- Kellogg plans to invest about $45 million to restructure its North American supply chain over the next three years as it seeks to meet demand for its ready-to-eat cereals. The company expects the plan to "help offset cost inflation and reinvest in our brands," according to a new filing with the U.S. Securities and Exchange Commission.
- Other manufacturers have made supply chain shifts during the pandemic. Conagra invested $15 million to keep its inventory up as demand for its packaged foods soared. Kraft Heinz combined disparate elements of its supply chain in order to save $2 billion until 2025, while Coca-Cola and Mondelēz reduced the complexity of their supply chains as market turbulence took hold.
- In a virtual presentation for the Consumer Brands Association this month, Kellogg's North America President Chris Hood highlighted the many supply chain challenges the company has been facing. While demand has been high for its cereals, Kellogg has struggled to keep up with supply because of shortages of factory line workers and truck drivers.
Kellogg's decision to restructure its North American supply chain to boost its ready-to-eat cereal business comes as the pandemic continues to have a disruptive effect on food manufacturers' ability to keep up with escalating demand.
The company's plan to shift production to optimal lines across its supply chain network is part of a "robust" new commercial strategy designed to increase its ready-to-eat cereal production and position it for future growth, according to spokesperson Kris Bahner. Kellogg had announced in 2017 plans to streamline its ready-to-eat cereal plants, and this new restructuring plan follows those efforts.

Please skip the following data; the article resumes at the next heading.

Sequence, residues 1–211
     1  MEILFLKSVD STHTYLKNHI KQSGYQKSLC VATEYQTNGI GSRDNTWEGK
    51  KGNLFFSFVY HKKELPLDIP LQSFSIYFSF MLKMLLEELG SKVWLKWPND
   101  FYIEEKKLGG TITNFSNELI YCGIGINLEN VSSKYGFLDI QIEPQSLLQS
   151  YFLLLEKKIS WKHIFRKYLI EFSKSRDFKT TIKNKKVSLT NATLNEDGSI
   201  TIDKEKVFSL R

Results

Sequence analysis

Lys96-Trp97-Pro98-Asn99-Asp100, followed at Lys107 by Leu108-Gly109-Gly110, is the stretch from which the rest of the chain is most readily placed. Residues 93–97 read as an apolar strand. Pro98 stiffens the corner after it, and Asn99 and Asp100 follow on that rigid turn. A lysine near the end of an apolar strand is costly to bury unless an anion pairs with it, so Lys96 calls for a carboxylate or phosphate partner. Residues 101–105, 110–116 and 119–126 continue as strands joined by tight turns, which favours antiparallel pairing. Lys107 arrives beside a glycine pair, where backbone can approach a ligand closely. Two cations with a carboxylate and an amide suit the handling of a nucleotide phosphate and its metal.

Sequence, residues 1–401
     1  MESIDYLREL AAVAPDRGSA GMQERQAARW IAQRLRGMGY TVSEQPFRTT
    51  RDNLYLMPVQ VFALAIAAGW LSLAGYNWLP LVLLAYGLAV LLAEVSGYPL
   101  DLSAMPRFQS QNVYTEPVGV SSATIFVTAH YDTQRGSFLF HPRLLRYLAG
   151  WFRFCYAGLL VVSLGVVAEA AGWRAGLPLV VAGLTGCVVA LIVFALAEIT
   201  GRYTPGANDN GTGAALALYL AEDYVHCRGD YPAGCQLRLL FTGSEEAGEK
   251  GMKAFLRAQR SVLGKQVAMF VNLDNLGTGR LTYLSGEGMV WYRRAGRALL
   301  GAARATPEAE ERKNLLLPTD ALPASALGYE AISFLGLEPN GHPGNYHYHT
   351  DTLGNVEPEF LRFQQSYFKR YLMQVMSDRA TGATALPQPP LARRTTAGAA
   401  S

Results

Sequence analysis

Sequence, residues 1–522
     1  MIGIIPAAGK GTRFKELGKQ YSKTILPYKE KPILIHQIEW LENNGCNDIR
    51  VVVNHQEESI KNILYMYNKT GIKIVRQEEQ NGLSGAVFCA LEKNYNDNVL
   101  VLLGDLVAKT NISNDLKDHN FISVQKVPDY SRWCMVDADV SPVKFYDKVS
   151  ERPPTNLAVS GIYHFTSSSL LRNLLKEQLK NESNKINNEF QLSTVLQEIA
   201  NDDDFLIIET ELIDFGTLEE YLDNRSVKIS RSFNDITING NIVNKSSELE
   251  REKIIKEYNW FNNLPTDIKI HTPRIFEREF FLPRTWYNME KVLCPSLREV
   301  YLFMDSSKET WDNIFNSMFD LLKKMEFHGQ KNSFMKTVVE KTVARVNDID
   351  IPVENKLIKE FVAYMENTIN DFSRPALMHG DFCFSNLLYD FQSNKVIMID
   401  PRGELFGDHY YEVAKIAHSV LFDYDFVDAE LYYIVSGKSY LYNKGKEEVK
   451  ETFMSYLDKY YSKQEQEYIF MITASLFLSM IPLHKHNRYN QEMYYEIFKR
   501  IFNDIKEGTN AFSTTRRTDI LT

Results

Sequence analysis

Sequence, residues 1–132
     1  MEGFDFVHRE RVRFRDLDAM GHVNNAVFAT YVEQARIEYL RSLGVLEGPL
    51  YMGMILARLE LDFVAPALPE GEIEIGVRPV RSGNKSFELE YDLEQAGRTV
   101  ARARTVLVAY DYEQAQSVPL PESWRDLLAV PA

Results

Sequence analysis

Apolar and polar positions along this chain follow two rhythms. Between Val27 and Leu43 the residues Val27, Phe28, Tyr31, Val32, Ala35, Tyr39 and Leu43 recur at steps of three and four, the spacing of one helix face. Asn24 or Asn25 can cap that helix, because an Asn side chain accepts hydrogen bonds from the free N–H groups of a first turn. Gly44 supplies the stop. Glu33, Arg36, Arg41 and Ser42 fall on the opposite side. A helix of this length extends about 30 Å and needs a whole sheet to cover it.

Cereal sales overall boomed during the pandemic, with home consumption estimated to grow 11% in 2020 as people spent more time eating breakfast, according to GlobalData. However, capacity issues and factory worker shortages have led to low supply for a number of cereal manufacturers and brands.
In the CBA presentation, Hood said that the supply chain "dislocations" that food companies are currently facing are almost all caused by a lack of factory workers and truck drivers. However, he was optimistic that with government assistance programs for workers coming to an end soon, Kellogg could regain its footing as more people return to their jobs. He added that the company has work to do to improve the quality of Kellogg's workplace experience, as well as offering more benefits to attract more labor.
In Kellogg's second quarter 2021 earnings call in early August, CFO Amit Banati said that the shortage of truck drivers is "widespread" and was draining money from the company at "much higher rates than what we had expected."
With the overall shortage of labor, it's clear that Kellogg is trying to be strategic in how it focuses its existing workforce. While the company won't close any production facilities, it is setting aside about $4 million for "employee-related costs," including "severance and other termination benefits." As part of this restructuring, the company will be laying off 212 workers at its Battle Creek, Michigan facility by the end of 2023.
In a statement to Food Dive, the company said that it made the move to slash over 200 jobs in Battle Creek — 174 full-time and 38 salaried — after an analysis of its production network found that certain plants are more "cost-effective and better performing than others.
"We must ensure we have the right capacity in the right locations to reduce costs, increase efficiencies and become more competitive," the statement said. Kellogg said it was committed to helping these employees, most of whom made ready-to-eat cereal, and their union "ensure they have outplacement assistance, resources, and support through this transition."
The layoffs come as Kellogg struggles to get enough product on shelves to meet demand. During Kellogg's recent earnings call, CEO Steven Cahillane said that despite a 3% net sales increase during the last quarter, organic net sales of cereal overall declined — notably Frosted Flakes, which made up "more than half" of its loss in share, because of capacity constraints.
While the company has been able to increase capacity abroad somewhat in countries including Poland, supply shortages have prevented Kellogg from being "able to get the level of capacity as quickly as we would want" within North America, Cahillane said. COVID restrictions in Malaysia and a civil rights protest in South Africa also impacted production.
Cahillane added the company is "planning for an ongoing challenging cost environment well into next year," noting that labor shortages and high inflation costs have been "pervasive."